What’s the future of composite resin materials? Up to now, various generations of the original large particle size composite have emerged. These days, dentists have to keep up with the terms that have been added to the materials such as micro-filled, hybrid, micro-hybrid, nanohybrid, and the most recent, nanodimer. Yes, nano-manufacturing is the future of dental materials, but it’s not where the greatest advancements will be made. If you ask many dental professionals, the answer is simple, the future will consist of a material that lasts longer than the average eight years of today’s materials. But what if the future of composite resins included an additional medicinal benefit? What if the composite resin could not only be a restorative material, but also a weapon against infection?
Back in 2013, the National Institute of Health awarded 2.8 million dollars to a research effort to develop the next generation dental composite. The research was funded for five years and sought to test a prototype glass-zirconia composite dental crown. If the research is a success, the dental world will be introduced to a composite with a higher load-bearing capacity and less risk of a fracture. Of course, additional testing will follow to measure the safety and efficacy of the glass-ceramic crown material.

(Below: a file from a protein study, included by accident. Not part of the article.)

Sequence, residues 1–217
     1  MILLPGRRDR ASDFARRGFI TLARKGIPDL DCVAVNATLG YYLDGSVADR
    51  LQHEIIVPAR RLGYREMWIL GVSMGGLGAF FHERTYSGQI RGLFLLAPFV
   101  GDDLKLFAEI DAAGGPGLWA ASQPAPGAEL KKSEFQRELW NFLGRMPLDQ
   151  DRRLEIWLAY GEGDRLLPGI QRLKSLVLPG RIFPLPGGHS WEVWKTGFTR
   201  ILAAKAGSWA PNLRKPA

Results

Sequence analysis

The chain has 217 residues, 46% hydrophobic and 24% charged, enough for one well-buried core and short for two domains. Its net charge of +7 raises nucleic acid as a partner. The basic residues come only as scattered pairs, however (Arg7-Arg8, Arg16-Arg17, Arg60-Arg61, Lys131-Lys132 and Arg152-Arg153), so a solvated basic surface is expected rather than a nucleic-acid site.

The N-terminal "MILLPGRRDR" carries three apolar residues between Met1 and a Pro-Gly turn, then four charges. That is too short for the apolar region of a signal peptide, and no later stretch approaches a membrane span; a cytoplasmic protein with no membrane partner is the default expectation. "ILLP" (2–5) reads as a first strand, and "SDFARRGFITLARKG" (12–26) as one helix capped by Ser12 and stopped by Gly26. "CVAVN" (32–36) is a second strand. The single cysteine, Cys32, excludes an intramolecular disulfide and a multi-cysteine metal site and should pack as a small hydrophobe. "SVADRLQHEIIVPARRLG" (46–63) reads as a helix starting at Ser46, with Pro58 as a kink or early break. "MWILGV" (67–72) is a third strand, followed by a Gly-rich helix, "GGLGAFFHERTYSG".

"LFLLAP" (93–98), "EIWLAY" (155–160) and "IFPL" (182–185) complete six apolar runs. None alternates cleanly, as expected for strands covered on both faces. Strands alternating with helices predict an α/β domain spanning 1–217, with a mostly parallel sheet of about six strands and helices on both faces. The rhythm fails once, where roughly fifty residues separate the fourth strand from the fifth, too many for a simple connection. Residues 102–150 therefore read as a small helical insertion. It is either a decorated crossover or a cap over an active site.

Although the development of a stronger composite material is an essential step in the progression towards the future of dentistry, scientists in the UK are looking to combine that research with a microbial additive. Over at The School of Oral and Dental Sciences at the University of Bristol, a research team wanted to inject Silver doped Titanium Dioxide (Ag-TiO2), a photo-catalyst with antimicrobial properties, into an epoxy resin composite material. They wanted to test the antibacterial properties, in hopes of expanding the function of dental composites.
Photocatalysts like Silver Titanium Oxide work by degrading chemical pollutants and biological infections by harvesting light as an energy source to excite electrons from valence to conduction bands. As a result, the generated electrons undergo oxidation and reduction reactions of the organic pollutants into the end-products carbon dioxide and water. Titanium dioxide is a highly photolytic semiconductor, non-hazardous, and extremely hydrophilic. The compound has received wide notoriety for its properties in recent years.
The Scientists at the University of Bristol manufactured Ag-TiO2 particles with a ball milling method and added an epoxy resin with a centrifuge mixer. The scientists then used UV spectrophotometry to assess the photolytic properties of the silver titanium dioxide and how it reacted with the resin. The samples were assessed with the inclusion of streptococcus mutans under various lighting conditions.
The results were exactly what the scientists anticipated. The silver titanium dioxide without the epoxy resin was able to produce an anti-microbial effect on the S.mutans when the two came into contact under visible light conditions. The silver titanium dioxide that was doped into the epoxy resin had a lower photolytic effect, but expressed a strong antimicrobial effect. The study showed promising results for the future of dentistry. The benefits of a highly durable, antimicrobial, dental composite could be used clinically to fight infection in the treated area.